The Legend of the Black Mask
The Black Mask is a legend whose existence is supported only by singular anecdotes from two culture’s folklore, and a fragment of a stained glass window. One of the anecdotes, the Catholic tale, has recently been supported by the discovery of a cave and tunnel complex that was integral to the story.
The Catholic Folklore Account – A Tale of Four Saints
Some time around 406 AD, Saint Nicasius of Reims (then the Bishop of the city) prophesied the invasion of France by barbarian tribes. When asked if the people of the city should flee or fight, he told them to trust in the mercy of God, but that he would give his life for the people. When the Vandals arrived at the gates of the city, he delayed them from entering, allowing some of the citizens to flee. After the city gates were taken, and the barbarians were in the city, Bishop Nicasius again tried to save the citizens, only to be cut down and beheaded at the door to the Cathedral. Slain along with him were his lector (Saint Florentius), his deacon (Saint Jucundus) and his virgin sister, Saint Eutropia.
A short time after the martyring of the four saints, the Vandals gave up the city and fled. An unknown person, but likely a dear friend of Saint Nicasius, rose up against the barbarians, wearing a black mask to hide his features. His cause was righteous, and the Lord God blessed his actions, as he was angered at the death of four true believers, and he sent the forces of Heaven to help him drive the Vandals from the city. Those barbarians who were not killed in the streets fled wildly in fear, leaving behind what spoils they had gathered. The man in the black mask killed the savage Vandal King, but was mortally wounded in the battle. The body of the man in the black mask was never identified, and the rumor that he ascended directly to Heaven is not accepted by the Vatican.
The Folklore of the Vandals and Alans
There is very little folklore from the barbarian tribes surrounding this point in history. What exists tells that after the city of Reims had been taken by the Vandals, a battle broke out within the city. A Black Masked Man, with the help of the gods themselves, rose up against the tribe. A great battle ensued, and the Black Masked Man mortally injured the Vandal king, running him through with a spear. The Vandals were no match for the Black Masked Man and the warriors of Wotan, and he drove out the tribe from the city. In the battle, the Black Masked Man was killed, but was whisked off to Valhalla on the wings of a Valkyrie.
400 AD: The Cathedral of Reims was founded under the episcopacy of Bishop Nicasius.
406 AD, December 31: The Vandals crossed the Rhine river into Gaul (now France). The were met on the other side of the river by an army of Franks, and in the ensuing battle approximately 20,000 Vandals were killed, including the Vandal King Godigisel. However, a tribe called the Alans, allied with the Vandals, entered the fray and drove off the Franks. The Alans, under King Respendial, allied themselves with the remaining Vandals. The son of Godigisel, King Gunderic, led the two tribes together deeper into Gaul.
407 AD: The city of Reims (part of the Roman Empire) is besieged by the Vandals. Bishop Nicasius had organized a way to allow the citizens of the city to escape, and delayed (through methods unknown, but believed to be diplomacy) the Vandals from entering the city. The Vandals do eventually take the city. Bishop Nicasius, along with his lector Florentius, his deacon Jucundus, and his sister Eutropia, were killed (either at the steps to the Cathedral or at the altar) by the Vandals.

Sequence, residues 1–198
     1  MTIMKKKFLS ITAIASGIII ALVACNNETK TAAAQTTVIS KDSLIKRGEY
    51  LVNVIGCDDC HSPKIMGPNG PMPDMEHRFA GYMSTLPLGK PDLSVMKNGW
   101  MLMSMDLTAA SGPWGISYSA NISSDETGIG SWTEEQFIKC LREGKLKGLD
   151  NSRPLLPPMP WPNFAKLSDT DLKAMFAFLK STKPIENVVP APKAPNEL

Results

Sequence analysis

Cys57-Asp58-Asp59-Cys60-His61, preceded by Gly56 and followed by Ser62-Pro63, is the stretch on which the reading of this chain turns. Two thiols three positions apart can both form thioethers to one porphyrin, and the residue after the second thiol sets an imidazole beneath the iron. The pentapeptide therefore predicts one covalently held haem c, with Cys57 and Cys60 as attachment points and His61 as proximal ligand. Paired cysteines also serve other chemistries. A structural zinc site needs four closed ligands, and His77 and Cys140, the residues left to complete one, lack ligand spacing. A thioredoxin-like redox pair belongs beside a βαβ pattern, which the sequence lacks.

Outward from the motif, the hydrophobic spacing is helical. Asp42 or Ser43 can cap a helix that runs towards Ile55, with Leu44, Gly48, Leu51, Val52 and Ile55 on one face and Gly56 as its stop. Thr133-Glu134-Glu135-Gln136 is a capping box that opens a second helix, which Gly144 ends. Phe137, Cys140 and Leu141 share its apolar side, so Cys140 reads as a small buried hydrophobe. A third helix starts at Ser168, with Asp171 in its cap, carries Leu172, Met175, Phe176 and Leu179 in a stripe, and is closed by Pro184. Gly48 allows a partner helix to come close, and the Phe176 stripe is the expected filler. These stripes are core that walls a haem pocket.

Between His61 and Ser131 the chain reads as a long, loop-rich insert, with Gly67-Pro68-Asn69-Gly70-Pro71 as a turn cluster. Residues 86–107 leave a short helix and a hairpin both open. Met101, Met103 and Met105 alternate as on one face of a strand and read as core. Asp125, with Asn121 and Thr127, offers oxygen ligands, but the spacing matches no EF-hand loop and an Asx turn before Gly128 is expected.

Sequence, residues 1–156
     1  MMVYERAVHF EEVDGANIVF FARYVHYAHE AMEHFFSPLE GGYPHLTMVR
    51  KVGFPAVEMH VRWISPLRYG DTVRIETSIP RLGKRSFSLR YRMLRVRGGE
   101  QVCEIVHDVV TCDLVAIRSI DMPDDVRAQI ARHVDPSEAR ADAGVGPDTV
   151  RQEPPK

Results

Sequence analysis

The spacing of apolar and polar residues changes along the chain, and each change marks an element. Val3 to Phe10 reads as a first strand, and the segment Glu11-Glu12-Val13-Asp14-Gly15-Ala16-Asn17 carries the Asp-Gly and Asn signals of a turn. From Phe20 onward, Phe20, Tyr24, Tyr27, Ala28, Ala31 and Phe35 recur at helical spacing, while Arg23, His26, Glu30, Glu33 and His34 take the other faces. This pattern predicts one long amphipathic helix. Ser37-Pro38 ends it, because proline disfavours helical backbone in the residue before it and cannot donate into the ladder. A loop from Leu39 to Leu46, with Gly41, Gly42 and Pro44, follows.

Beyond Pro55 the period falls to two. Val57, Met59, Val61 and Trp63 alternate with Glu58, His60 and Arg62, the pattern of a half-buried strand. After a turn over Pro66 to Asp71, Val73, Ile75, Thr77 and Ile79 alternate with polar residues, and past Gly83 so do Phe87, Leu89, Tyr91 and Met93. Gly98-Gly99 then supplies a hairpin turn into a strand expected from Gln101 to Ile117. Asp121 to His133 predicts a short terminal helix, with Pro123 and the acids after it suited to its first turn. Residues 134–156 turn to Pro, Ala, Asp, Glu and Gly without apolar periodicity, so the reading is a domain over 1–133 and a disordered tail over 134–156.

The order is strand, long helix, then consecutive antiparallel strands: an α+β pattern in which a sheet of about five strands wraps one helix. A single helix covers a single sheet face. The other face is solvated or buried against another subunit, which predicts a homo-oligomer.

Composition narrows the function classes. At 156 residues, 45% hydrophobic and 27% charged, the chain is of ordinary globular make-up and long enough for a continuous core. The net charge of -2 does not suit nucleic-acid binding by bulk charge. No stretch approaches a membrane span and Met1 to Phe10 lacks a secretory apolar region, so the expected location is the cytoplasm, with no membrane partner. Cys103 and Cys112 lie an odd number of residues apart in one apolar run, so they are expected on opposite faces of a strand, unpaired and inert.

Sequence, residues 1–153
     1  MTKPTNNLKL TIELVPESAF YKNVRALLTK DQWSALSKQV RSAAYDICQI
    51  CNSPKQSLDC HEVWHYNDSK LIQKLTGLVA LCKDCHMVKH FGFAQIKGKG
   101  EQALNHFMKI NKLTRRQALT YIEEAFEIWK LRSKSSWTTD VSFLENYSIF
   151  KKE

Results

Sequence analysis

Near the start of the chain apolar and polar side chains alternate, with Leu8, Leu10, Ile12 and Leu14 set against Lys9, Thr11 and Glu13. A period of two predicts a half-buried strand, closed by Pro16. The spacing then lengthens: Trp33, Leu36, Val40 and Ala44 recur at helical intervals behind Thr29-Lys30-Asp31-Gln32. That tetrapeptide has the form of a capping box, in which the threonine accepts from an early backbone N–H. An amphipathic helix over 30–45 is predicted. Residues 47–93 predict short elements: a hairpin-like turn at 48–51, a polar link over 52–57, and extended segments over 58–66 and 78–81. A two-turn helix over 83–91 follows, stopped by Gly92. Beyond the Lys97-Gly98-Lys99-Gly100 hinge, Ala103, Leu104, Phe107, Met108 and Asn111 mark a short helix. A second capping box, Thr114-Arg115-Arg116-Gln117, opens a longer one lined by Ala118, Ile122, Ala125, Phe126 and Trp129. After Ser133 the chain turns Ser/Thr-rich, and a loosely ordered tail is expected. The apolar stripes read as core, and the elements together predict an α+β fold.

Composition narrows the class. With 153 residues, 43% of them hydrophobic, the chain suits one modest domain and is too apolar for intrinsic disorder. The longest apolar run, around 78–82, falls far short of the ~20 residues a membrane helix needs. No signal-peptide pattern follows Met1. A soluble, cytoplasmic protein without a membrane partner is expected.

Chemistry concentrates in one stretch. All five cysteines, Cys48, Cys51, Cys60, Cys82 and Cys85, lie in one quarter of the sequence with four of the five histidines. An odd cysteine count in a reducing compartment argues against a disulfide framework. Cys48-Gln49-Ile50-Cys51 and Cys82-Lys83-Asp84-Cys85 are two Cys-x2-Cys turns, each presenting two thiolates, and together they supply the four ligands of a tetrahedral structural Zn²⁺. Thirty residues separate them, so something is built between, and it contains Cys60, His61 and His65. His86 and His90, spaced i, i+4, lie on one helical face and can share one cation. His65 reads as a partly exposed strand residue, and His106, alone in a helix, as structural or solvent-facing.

Before the end of 407, the Vandals abandoned the city of Reims.
Historical Discrepancies with Folklore
King Godigisel was killed in battle with the Franks months before the taking of Reims. His son and heir, King Gunderic, ruled the Vandals until his death in 428 AD, so the Black Mask could not have killed the “Savage Vandal King.” However, the Vandals and Alans, while “barbarians” were somewhat Romanized in their behavior; a number of them spoke latin, for example, and many mimicked the Roman military and conquest models. Therefore, it is likely that a Vandal governor could have been left to oversee Rheims when King Gunderic moved on.
Historical Support for the Folklore
The idea of citizens of Reims escaping a city under siege by the Vandals was unsupported, as the walled city was believed to be surrounded by the invaders, and therefore only a few would have been able to have fled before the escape routes were cut off. However, recent archaeological surveys have revealed that under the original Cathedral in Reims (the original was damaged in a fire, and was re-constructed circa 1218 AD) was built over Roman baths and hypocausts, and that a tunnel existed leading out under the walls of the city. The tunnel had been collapsed for centuries, but it lead to a cave about a mile outside of the city, which in turn was a short distance from the quarry used for both cathedrals. There is some suggestion that this tunnel was how the escapees fled the Vandals, and that they hid within the quarry until the threat had passed.
It was this small cave at the end of the tunnel that contained the four quarried blocks, each carved with a dedication to one of the four Saints. The block dedicated to Eutropia had been mysteriously hollowed out, and was filled with the Stand’s equipment (with the exception of a few items) and cleverly marked with the Fibonacci Sequence. A disintegrated note was also discovered inside.